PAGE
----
These are the books I took to WBRC Fox 6 in February. Timely page turners include a picture book to celebrate Black History Month (and our state), a novel about words, another about food and a survival guide that will make a great guy gift.
The Slave Who Went to Congress, by Marti Rosner and Frye Gaillard with illustrations by Jordana Haggard, is a timely way to celebrate Black History Month and the bicentennial of our state. This picture book celebrates the remarkable story of Benjamin Turner, who spent the first 40 years of his life as a slave in Selma before being elected to the U.S. Congress in 1870. Turner, who taught himself to read, was the first black Congressman from Alabama and among the very first in the House of Representatives after Emancipation. An amazing man of strength, determination and compassion, he rejected the idea of punishing his white neighbors who had fought for the Confederacy, and he supported racially mixed schools and the right to vote for former slaves. Turner also argued that land should be set aside for former slaves so they could create new lives for themselves. Written in the first person and beautifully illustrated, this book for young readers makes Benjamin Turner’s story come alive.
The Grammarians by Cathleen Schine is about Laurel and Daphne Wolfe, identical and inseparable twins who love words. As toddlers, they had their own twin speak; as adults, they make their livings with words. But their shared love (and obsession) of words is driving them apart. Daphne, a grammar columnist, is devoted to preserving the elegance—and rules—of Standard English. Laurel, a poet, approaches language in a decidedly less-structured way. Their differences take a really bad turn when they begin to fight over custody of their prized, shared family heirloom—Merriam Webster’s New International Dictionary, Second Edition. This super-smart novel is a fun and enjoyable celebration of language as well as an exploration of self. It has a great bookgroup guide, too.
The Last Chinese Chef by Nicole Mones is a story of friendship, self-discovery, love and food. Lots of really good food. Widowed American food writer Maggie McElroy learns of a paternity claim against her late husband’s estate and heads to Beijing to sort it all out. It’s a working trip—her magazine editor asks for a profile on rising culinary star Sam Liang. Turns out, Sam is the grandson of a chef who cooked for the Emperor and in 1925 wrote The Last Chinese Chef, which became a food classic. In China, Maggie finds out more about her husband than she expected, of course. But, with Sam as her guide, she also discovers more than she expected about a cuisine rooted in centuries of history. It’s this discovery that’s most transforming for Maggie who finds herself easily drawn into Sam’s delicious world—especially its family of cooks and customers.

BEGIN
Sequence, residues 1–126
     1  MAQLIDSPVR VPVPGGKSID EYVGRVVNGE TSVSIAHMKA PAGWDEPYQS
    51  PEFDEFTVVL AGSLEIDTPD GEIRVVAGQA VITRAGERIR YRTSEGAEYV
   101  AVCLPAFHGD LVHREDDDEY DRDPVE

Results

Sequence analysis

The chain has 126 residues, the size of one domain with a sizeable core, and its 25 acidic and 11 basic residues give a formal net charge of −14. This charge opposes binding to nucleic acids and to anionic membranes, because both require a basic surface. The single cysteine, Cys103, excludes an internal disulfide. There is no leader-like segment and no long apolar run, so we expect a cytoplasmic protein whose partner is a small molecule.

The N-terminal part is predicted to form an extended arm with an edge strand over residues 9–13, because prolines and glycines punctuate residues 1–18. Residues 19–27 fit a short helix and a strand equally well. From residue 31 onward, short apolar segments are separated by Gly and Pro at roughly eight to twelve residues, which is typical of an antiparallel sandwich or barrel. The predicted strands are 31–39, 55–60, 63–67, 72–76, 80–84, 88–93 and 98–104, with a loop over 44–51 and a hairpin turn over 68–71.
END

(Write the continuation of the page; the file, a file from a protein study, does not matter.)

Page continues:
While looking for a Valentine’s Day gift for my guy, I was reminded of How to Stay Alive in the Woods by Bradford Angier. It’s already in our home library, so my gift search continues. Your search might stop here. This is a fun and informative 320-page book is full of practical advice for “roughing it” in the woods, where, as the author says, “every necessity is free.” Of course, it’s important to know what you need and don’t need. In these pages, you’ll learn how to build a shelter, how to make a soup hole (in the ground), how to fish with your bare hands, how to make a fire with just a spark, how and when to steal food from a bear, how to signal for help and what kind of plants you can (and can’t) eat. Or how to play it safer: Avoid mushrooms altogether; the risks outweigh the gain. A few quick takeaways: Ice is never safe. Wolves are not to be feared. Spruce-needle tea has as much vitamin C as fresh orange juice. All birds are edible.
I link to Amazon to show you exactly what book I’m talking about, but I love to shop locally at Church Street Coffee and Books, The Alabama Booksmith, Little Professor Book Center, and I often visit my local library.